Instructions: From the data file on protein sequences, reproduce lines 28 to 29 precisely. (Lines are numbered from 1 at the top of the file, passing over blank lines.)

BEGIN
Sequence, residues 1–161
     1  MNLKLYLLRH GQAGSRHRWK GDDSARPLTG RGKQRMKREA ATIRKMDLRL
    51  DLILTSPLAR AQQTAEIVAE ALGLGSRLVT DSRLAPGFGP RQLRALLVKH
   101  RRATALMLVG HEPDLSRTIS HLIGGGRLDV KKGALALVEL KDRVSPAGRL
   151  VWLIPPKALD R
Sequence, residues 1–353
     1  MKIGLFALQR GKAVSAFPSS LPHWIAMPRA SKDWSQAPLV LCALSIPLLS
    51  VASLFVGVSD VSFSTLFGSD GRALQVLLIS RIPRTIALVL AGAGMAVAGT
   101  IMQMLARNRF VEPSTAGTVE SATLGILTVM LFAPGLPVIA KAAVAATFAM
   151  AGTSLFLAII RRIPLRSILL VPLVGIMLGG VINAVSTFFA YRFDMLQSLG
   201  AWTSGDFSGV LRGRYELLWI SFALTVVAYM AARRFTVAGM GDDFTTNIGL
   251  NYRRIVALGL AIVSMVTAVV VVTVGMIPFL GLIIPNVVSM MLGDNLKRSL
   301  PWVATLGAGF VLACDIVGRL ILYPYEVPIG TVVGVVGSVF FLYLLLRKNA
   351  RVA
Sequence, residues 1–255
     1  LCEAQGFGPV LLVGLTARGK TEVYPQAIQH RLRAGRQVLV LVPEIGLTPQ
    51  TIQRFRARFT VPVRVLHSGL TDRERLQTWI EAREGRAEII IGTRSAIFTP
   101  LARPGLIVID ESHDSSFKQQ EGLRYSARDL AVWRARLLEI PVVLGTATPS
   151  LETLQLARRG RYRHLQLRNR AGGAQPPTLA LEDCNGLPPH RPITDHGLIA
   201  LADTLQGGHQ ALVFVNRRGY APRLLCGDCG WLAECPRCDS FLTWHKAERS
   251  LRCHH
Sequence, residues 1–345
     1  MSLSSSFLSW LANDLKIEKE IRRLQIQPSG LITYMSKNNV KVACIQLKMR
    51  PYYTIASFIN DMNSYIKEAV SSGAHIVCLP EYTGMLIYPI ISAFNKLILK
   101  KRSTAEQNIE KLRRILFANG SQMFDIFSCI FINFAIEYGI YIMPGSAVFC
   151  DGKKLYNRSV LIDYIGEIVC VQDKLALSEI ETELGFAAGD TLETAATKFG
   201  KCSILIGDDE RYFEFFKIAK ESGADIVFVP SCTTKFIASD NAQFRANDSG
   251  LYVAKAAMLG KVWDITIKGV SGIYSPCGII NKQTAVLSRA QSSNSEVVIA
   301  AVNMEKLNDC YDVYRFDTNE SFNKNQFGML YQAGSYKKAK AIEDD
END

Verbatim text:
   251  LYVAKAAMLG KVWDITIKGV SGIYSPCGII NKQTAVLSRA QSSNSEVVIA
   301  AVNMEKLNDC YDVYRFDTNE SFNKNQFGML YQAGSYKKAK AIEDD